Call endorses Mehlville’s Proposition S and its focus on safety

Editorial

Call+endorses+Mehlville%E2%80%99s+Proposition+S+and+its+focus+on+safety

Mehlville Proposition S

The Mehlville School District’s bond issue up for vote in the April 6 election, Proposition S for “Safe Schools, Safe Kids,” is a $35 million, 12-cent no-tax-rate-increase bond issue that would fund secure vestibules at school entrances and basic upgrades to areas of Mehlville and Oakville’s schools that have long been neglected.

The district will still levy the 12 cents for operations even if the bond issue is not approved, but they will use it for piecemeal capital projects instead, funding $2.5 million a year instead of $35 million all at once. Going that route would likely take  several decades to fund the same number of projects proposed through Prop S, without even addressing any of the other needs that would come up in the meantime.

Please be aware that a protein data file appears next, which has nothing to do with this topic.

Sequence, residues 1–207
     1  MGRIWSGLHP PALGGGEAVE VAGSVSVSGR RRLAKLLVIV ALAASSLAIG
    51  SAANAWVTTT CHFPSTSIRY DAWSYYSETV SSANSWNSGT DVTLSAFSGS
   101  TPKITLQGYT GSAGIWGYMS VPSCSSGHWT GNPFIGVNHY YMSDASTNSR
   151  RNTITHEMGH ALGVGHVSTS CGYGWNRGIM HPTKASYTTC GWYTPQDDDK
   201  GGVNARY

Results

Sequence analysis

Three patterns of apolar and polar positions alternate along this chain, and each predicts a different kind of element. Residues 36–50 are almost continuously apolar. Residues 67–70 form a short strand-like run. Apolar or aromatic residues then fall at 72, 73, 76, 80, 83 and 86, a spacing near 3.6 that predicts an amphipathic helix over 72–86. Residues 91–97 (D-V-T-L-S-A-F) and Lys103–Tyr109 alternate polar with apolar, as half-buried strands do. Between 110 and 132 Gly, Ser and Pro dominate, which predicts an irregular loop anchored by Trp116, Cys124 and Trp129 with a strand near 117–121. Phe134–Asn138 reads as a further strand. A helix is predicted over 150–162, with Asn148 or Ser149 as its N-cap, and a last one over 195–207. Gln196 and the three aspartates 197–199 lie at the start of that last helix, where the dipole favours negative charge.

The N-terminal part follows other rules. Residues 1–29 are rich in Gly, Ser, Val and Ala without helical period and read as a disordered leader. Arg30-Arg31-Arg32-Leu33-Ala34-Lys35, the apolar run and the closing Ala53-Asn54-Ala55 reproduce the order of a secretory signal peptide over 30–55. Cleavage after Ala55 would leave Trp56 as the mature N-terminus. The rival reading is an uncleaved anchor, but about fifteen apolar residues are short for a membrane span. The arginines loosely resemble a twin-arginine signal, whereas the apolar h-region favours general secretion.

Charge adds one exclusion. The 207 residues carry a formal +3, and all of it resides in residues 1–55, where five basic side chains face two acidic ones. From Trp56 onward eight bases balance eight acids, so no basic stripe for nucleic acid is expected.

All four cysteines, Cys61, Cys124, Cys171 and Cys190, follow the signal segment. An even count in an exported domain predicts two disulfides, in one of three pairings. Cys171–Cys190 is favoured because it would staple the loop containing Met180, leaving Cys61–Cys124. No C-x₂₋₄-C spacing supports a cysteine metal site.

But this bond issue will fund projects that simply shouldn’t wait, such as secure vestibules at every school.

The district has used the resources from 2015’s tax-rate increase Proposition R for what voters intended, restoring budget cuts and buying buses each year. With the boost from Prop R and nationally recognized leadership from Superintendent Chris Gaines, Mehlville is now on the cutting edge of new ways of teaching with the opening of an elementary school of innovation in an existing building, Mosaic Elementary, and four middle school academies that focus on personalized learning.

Gaines has made those advances with the money from Proposition R, giving the best bang for the buck on the second-lowest tax rate in St. Louis County. Prop S asks residents to continue the current tax rate to extend those same advances to facilities, where the district is falling behind.

To Gaines’ credit, he had the committee that developed the list of needs by visiting every school prune its list down from $237 million in “wants” to the $35 million list of needs in Prop S. That was a fiscally conservative move that voters can appreciate.

Nothing in this plan is extravagant. Much of it is basic maintenance that, quite frankly, should have been updated decades ago. The district will always have these schools and should take care of them.

Mehlville voters should give the district the chance to secure every one of its schools and provide basic upgrades.

The Call endorses Proposition S.